supporting or suspending the worker;

    • Must be capable of supporting at

      least 5,000 pounds per worker;

    • Sound anchorages include certified

      roof anchors as well as structural

      members.


    Design permanent anchorage points residential fall protection

    Design Permanent Anchorage Points: Residential Fall Protection


    Falls from scaffolds staging

    Falls From Scaffolds/Staging


    Falls from scaffolds staging1

    Falls From Scaffolds/Staging

    • Scaffolds shall be fully planked

    • Scaffolds shall have guardrails or personal fall arrest systems

    • Scaffolds shall have a safe means of access


    Falls from aerial lifting devices

    Falls From Aerial Lifting Devices


    Falls from ladders

    Falls From Ladders


    Falls from ladders specify fixed ladders or stairways

    Falls From Ladders-Specify Fixed Ladders or Stairways

    Specify fixed ladders or stairways whenever possible


    Falls from ladders1

    Falls From Ladders

    • Position portable ladders to the side rails to extend at least 3 feet above the landing

    • Secure side rails at top or use a grab device when 3 foot extension is not possible

    • Use “3-point” contact rule

    • Position base of ladder one foot away from wall for every four feet of ladder length


    Falls from height

    Falls From Height


    Falls from height specify 39 45 inch high window sills

    Falls From Height-Specify 39-45 Inch High Window Sills


    Falls from height specify pre fabrication building components

    Falls From Height-Specify Pre-Fabrication Building Components

    Concrete Wall Panels

    Concrete Segmented Bridge

    Steel Stairs


    Falls from height specify pre fabricated steelwork 1

    Falls From Height-Specify Pre-Fabricated Steelwork1

    1 www.safetyindesign.org


    Falls from height specify pre fabricated service risers 1

    Falls From Height-Specify Pre-Fabricated Service Risers1

    1 www.safetyindesign.org


    Falls from floor openings

    Falls from Floor Openings


    Designing forconstruction site safety 2 to 4 hour

    Falls From Floor Openings-Guardrails

    Perimeter guarding shall consist of a mid-rail, top rail, toe-board system. The top edge height of the rail shall be 42+/-3 inches and the mid-rail should be between the top and the walking/working level.


    Falls from floor openings specify cast in sockets for railings 1

    Falls From Floor Openings-Specify Cast-in Sockets For Railings1

    1 www.safetyindesign.org


    Falls from floor openings1

    Falls From Floor Openings

    Contractor can:

    • Install temporary guardrails for temporary floor openings

    • Install a cover for temporary floor openings and holes


    Falls from structural steel

    Falls From Structural Steel


    Falls from structural steel1

    Falls From Structural Steel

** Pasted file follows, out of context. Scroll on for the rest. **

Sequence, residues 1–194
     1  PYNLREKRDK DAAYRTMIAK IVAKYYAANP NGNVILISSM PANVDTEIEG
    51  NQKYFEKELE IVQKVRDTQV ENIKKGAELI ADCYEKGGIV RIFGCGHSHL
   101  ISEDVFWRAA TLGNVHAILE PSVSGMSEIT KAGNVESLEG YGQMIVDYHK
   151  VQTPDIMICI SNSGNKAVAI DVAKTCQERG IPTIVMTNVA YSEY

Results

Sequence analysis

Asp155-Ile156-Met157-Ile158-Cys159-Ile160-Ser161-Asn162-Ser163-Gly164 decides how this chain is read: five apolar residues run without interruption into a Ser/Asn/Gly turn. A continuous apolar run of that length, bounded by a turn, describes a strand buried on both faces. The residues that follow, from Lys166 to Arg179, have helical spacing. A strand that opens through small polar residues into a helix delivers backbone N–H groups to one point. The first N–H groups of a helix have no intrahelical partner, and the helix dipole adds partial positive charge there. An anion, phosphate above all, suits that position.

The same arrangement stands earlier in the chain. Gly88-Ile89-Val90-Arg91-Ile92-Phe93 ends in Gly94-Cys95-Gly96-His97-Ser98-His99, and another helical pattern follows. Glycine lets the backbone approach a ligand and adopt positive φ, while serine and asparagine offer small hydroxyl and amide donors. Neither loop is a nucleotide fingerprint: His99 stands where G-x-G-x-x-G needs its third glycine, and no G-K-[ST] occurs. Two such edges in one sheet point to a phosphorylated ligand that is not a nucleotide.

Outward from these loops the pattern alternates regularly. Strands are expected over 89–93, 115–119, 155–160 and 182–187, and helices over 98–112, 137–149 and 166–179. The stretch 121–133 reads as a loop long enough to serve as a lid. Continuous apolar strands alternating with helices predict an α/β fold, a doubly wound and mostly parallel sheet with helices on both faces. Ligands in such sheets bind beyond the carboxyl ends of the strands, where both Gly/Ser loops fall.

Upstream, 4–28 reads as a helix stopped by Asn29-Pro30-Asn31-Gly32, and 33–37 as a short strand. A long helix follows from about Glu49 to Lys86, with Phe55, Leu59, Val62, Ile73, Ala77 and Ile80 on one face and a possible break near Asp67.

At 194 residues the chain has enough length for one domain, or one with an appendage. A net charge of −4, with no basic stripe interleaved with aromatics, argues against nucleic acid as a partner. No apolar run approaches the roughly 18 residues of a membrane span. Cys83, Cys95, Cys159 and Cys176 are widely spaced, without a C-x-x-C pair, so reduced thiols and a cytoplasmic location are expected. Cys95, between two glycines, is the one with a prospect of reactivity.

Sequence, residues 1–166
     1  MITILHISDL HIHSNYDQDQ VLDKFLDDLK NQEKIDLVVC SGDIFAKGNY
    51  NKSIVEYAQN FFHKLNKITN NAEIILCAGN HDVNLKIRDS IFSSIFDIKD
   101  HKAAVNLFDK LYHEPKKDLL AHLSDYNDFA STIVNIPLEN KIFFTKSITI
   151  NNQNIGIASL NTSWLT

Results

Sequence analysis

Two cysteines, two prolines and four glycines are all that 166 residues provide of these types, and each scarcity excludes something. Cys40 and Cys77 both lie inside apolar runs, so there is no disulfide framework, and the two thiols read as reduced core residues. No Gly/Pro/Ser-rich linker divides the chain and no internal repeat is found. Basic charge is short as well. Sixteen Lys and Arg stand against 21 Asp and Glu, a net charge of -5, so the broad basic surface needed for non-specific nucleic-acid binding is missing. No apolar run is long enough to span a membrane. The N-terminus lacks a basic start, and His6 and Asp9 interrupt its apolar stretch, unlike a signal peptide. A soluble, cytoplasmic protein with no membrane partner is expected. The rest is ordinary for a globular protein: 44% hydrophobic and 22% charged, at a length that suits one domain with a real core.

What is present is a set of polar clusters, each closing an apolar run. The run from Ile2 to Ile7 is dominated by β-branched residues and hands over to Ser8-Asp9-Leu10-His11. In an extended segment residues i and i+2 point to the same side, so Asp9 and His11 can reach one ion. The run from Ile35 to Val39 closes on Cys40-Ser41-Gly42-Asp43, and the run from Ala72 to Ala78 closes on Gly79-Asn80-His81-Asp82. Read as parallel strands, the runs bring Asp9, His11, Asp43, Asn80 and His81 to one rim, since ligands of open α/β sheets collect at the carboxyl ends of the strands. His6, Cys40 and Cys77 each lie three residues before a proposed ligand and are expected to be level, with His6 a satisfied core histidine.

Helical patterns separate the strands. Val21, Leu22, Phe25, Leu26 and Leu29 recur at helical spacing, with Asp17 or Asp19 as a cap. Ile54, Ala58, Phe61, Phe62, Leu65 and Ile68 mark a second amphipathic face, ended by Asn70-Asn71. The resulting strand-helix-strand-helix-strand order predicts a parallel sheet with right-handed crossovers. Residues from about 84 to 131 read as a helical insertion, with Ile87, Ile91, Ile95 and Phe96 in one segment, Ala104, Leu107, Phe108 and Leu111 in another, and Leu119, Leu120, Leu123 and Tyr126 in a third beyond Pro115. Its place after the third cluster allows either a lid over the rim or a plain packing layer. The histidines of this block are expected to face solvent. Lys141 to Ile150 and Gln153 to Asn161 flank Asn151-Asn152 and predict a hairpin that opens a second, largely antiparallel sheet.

• Avoid hanging connections; design to bear on columns instead using safety seats

    • Require holes in columns for tie lines 21” and 42” above each floor slab

    • Specify shop welded connections instead of bolts or field welds to avoid dangerous positions during erection

    • Consider approximate dimensions of connection tools to prevent pinches or awkward assemblies

    National Institute of Steel Detailing and Steel Erectors Association of America. Detailing Guide for the Enhancement of Erection Safety. 2001


    Falls through skylights

    Falls Through Skylights


    Falls through skylights specify guards

    Falls Through Skylights-Specify Guards


    Falls through roof surface roof opening

    Falls Through Roof Surface/Roof Opening

    • Provide Dedicated Walkways to Access Equipment on Roof

    • Design roof structure so that it can carry stacks of roofing materials

    • Highlight hazardous and “no-walk” areas with red highlighting paint or other visual warnings.


    Falls from non moving vehicles

    Falls From Non-Moving Vehicles


    Falls from non moving vehicles trailer access platform

    Falls From Non-Moving Vehicles-Trailer Access Platform

    1 www.safetyindesign.org


    Fall prevention resources

    Fall Prevention Resources

    OSHA

    • Alliance Program Construction Roundtable Web Page

      http://www.osha.gov/dcsp/alliances/roundtables/roundtablesconstruction.html

    • Fall Protection Safety and Health Topics Page

      http://www.osha.gov/SLTC/fallprotection/index.html

    • OSHA’s Construction Pocket Guide http://www.osha.gov/Publications/OSHA3252/3252.html

      Other

    • Design for Construction Safety Web Site

      http://www.designforconstructionsafety.org

    • NIOSH Prevention Through Design Web Page

      http://www.cdc.gov/niosh/topics/PTD

    • Safety in Design

      www.safetyindesign.org

    Picture of OSHA's Construction Pocket Guide